Film: The Grudge
Cast: Andrea Riseborough, Demián Bichir, John Cho, Betty Gilpin, Lin Shaye, Jacki Weaver, Tara Westwood, David Laurence Brown, William Sadler
Director: Nicolas Pesce
Rating: * * * and a half
Can a film be terrifying and tedious at the same time? This reboot of The Grudge is. Tedious with the jump scares piling up and horrifying in the way ghastly murders are manipulated by a malevolent ghost. The distinction between the real and the unreal dissolves with apparitions which may be hallucinations. The atheist and the scientist may well scoff at concepts of divinity and the afterlife but where is logic in the realm of the supernatural. The ghost in this film haunts an accursed site of bloodshed hexing all who enter. Worse, it stalks its hapless prey across the globe. Sadder still, the victims are complete innocents.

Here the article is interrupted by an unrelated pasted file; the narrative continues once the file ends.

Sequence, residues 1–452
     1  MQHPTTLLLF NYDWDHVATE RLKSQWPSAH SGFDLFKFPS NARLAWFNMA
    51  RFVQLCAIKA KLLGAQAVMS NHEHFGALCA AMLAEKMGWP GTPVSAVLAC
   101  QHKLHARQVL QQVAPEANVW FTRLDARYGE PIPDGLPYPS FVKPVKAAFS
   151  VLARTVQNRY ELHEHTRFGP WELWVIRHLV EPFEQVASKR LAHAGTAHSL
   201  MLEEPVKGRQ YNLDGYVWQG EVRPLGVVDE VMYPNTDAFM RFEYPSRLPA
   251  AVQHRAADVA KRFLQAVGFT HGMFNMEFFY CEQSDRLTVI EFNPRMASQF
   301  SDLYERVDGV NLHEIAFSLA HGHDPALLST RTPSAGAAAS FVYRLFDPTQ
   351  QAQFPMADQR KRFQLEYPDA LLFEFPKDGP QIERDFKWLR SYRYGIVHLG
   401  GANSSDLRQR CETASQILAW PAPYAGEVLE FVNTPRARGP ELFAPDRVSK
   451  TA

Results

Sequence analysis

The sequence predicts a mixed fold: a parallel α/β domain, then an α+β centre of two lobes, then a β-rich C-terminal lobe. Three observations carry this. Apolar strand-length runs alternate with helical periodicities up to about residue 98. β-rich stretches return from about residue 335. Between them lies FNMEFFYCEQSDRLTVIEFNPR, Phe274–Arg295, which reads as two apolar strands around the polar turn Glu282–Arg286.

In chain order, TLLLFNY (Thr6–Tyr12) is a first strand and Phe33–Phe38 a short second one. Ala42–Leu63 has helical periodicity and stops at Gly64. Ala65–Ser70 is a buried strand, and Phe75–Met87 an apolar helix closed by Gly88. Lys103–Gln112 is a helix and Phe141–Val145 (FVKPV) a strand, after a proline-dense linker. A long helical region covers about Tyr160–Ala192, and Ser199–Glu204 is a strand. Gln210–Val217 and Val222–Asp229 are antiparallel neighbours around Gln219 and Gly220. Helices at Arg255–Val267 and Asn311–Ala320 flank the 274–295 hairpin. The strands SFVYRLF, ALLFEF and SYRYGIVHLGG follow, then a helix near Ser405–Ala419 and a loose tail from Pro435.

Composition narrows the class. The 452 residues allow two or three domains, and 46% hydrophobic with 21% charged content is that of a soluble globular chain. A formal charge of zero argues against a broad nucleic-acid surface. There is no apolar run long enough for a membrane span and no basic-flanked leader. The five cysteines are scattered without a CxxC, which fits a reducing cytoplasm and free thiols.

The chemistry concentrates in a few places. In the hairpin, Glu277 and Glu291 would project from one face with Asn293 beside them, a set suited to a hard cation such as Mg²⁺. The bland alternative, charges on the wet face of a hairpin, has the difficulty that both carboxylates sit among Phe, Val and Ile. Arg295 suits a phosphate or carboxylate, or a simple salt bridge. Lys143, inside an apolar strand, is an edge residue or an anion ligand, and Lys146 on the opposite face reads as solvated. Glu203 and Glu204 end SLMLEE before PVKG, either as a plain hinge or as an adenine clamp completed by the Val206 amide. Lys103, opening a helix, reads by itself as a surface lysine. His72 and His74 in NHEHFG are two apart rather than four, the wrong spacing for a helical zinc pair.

Enveloped in darkness, the interiors are particularly bleak – Writer/ Director Nicolas Pesce’s version of the American remake of the Japanese film Ju-On: The Grudge (directed by Takashi Shimizu) goes all out to please fans of the genre.
Flashbacks interweaving the horrific events that occurred at different times to different residents in the haunted house can be a tad confusing. But all of the characters are extremely interesting and you are invested in their fates.
Spiritual blindness is tellingly conveyed in scenes featuring detective/ single parent Mandy Muldoon (Andrea Riseborough) and her small son. “What do we do when we are afraid?”, she tells him. “Close your eyes and count to five.” Hell’s bells. Significantly, the caution exercised by the detective Goodman (Demian Bichir) echoes the Scriptural exhortation to desist from diving into the occult. Full of violence and gore, this grisly chapter of the Grudge franchise is not for the faint hearted.